The Wealthtech industry never slows down so we’re back with more insight on what’s been happening over the past several weeks. If you’ve been following my column the past several months, you know that at F2 Strategy we’re in the unique position of being able to analyze the headlines and explain what impact we think industry news will have on advisors without bias. Here are our thoughts on five noteworthy Wealthtech headlines this November 2023:
Apex Fintech Solutions will launch a new fixed-income investing platform that will allow investment in fixed income through fractional corporate bonds and treasuries. It will give retail investors access to previously unreachable fixed-income markets. Given that bond lot sizes and the liquidity on fixed income is cumbersome and limiting to investors, it’s very exciting for advisors to have the ability to offer fractional bond access. What’s still outstanding for us is how Apex will manage things like deal size, inventory and best execution.
This news from Fidelity is kind of like the music industry shutting down the Napsters of the early 2000’s. We’re sure they’ll receive some blowback from a number of angles, (in fact it has taken Fidelity subsidiary eMoney years to wean itself completely off screen scraping and onto dedicated feeds), but it’s time we as an industry did this. In doing so Fidelity is promoting more qualified, more professional access to that data and they're also no longer allowing people access who are going to remonetize it or potentially use it nefariously somewhere else. We believe this is a good move that will make the industry more secure.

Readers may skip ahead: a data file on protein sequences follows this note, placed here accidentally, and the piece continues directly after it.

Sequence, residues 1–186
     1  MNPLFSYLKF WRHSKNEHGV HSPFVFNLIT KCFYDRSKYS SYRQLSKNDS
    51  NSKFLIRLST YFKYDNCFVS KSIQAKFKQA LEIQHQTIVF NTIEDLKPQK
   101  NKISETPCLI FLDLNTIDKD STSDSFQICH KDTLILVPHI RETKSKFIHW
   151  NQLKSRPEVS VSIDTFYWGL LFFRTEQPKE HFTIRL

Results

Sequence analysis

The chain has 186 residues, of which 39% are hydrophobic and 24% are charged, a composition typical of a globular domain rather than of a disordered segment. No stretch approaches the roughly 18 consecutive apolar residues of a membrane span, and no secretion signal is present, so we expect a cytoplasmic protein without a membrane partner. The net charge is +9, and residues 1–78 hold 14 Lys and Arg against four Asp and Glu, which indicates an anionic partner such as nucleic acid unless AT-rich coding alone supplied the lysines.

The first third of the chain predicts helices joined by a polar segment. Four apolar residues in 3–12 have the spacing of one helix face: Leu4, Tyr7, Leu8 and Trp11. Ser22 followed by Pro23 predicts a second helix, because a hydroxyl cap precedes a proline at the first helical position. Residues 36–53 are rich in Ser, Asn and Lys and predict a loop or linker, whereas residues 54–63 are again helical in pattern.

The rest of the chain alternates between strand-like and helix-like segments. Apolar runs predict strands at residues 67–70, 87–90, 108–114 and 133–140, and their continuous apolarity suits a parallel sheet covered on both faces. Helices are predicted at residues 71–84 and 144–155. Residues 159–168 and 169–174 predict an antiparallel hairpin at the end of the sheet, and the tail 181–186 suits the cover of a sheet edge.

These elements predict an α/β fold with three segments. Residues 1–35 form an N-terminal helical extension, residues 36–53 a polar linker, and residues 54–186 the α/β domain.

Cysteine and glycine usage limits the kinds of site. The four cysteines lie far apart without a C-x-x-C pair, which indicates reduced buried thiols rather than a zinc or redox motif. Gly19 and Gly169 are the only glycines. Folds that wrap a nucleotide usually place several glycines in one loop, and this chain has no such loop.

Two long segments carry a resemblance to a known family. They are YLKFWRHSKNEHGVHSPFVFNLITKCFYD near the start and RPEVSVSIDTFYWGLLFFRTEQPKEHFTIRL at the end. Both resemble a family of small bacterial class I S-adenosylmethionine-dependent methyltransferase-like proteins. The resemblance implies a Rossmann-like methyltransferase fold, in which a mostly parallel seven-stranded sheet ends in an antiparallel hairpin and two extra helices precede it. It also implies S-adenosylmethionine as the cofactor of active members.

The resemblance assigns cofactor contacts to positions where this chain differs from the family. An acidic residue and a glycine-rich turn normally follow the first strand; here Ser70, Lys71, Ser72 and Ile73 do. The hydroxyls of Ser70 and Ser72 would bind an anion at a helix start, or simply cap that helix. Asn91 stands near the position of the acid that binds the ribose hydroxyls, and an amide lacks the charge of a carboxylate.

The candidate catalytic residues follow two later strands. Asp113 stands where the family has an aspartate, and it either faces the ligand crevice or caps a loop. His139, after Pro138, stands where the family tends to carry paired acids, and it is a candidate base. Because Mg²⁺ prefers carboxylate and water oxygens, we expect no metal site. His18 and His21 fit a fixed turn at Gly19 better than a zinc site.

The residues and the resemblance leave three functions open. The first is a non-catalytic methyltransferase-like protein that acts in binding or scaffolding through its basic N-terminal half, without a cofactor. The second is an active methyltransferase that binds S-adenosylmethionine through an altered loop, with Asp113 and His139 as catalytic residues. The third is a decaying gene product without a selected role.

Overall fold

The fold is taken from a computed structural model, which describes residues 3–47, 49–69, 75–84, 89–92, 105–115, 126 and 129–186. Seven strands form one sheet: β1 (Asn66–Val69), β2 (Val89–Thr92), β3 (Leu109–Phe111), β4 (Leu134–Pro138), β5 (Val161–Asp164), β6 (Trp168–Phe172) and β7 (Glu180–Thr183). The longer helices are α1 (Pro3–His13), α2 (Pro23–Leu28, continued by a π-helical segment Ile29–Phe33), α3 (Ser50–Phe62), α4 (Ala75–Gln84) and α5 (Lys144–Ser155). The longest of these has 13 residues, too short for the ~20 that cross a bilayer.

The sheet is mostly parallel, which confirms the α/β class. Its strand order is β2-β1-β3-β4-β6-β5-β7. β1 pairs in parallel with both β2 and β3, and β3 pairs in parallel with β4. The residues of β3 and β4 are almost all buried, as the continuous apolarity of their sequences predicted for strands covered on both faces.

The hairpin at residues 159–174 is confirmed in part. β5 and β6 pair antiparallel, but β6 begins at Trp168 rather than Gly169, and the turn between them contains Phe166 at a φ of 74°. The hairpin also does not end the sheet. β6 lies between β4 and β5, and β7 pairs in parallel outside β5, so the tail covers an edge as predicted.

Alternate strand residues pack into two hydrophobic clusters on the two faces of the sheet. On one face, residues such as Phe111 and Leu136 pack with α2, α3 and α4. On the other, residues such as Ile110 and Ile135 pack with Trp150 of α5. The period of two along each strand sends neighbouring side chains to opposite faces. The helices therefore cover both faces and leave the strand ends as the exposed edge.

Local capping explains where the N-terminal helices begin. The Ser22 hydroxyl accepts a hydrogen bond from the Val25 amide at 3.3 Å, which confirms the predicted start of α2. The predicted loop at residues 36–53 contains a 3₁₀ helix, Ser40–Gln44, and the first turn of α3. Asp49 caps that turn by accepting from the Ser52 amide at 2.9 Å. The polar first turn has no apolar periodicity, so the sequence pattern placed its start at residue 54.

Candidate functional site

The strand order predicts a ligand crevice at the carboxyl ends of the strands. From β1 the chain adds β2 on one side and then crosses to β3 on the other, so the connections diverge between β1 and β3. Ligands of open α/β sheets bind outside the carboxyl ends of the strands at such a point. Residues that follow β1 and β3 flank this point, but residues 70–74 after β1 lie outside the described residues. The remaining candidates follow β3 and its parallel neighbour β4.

We’re going to leave the second half of this headline alone for now and comment on the fact that Carson replaced its chief technology officer, Nimesh Patel who left for Corient this summer, with a four-person tech council. This is not a great strategy in our opinion. Carson certainly has the opportunity to prove us wrong, but we’ve not seen decision-by-committee work out well for very many people and the number of really talented people leaving the firm is worrisome in our minds.
Raymond James Financial plans to integrate 55ip's tax management technology across its managed account platform to make tax-smart transition, rebalancing and ongoing tax-loss harvesting available to its managed accounts users by mid-2024. Traditionally, Raymond James is a pretty closed shop when it comes to sharing what technology they use and how they do what they do, so to publicly state that they're going with an outside technology firm is pretty impressive and feels like a big win for J.P. Morgan, which acquired 55ip in 2020 after a partnership with the startup (at the time a constituent of the startup incubator/studio TIFIN Group).
Wells Fargo is working to bring many more independent advisers to its platform. We like the idea that Wells Fargo is taking a stab at the advisory services and custody battle. More competition is great. Wells comes from behind in terms of perception—their technology is typically perceived as mediocre—but the potential for their bank channel to become a referral channel is massive. They have the opportunity to put real pressure on the current custodial business.
We hope you enjoyed our takes this month and that we see you again for more in December.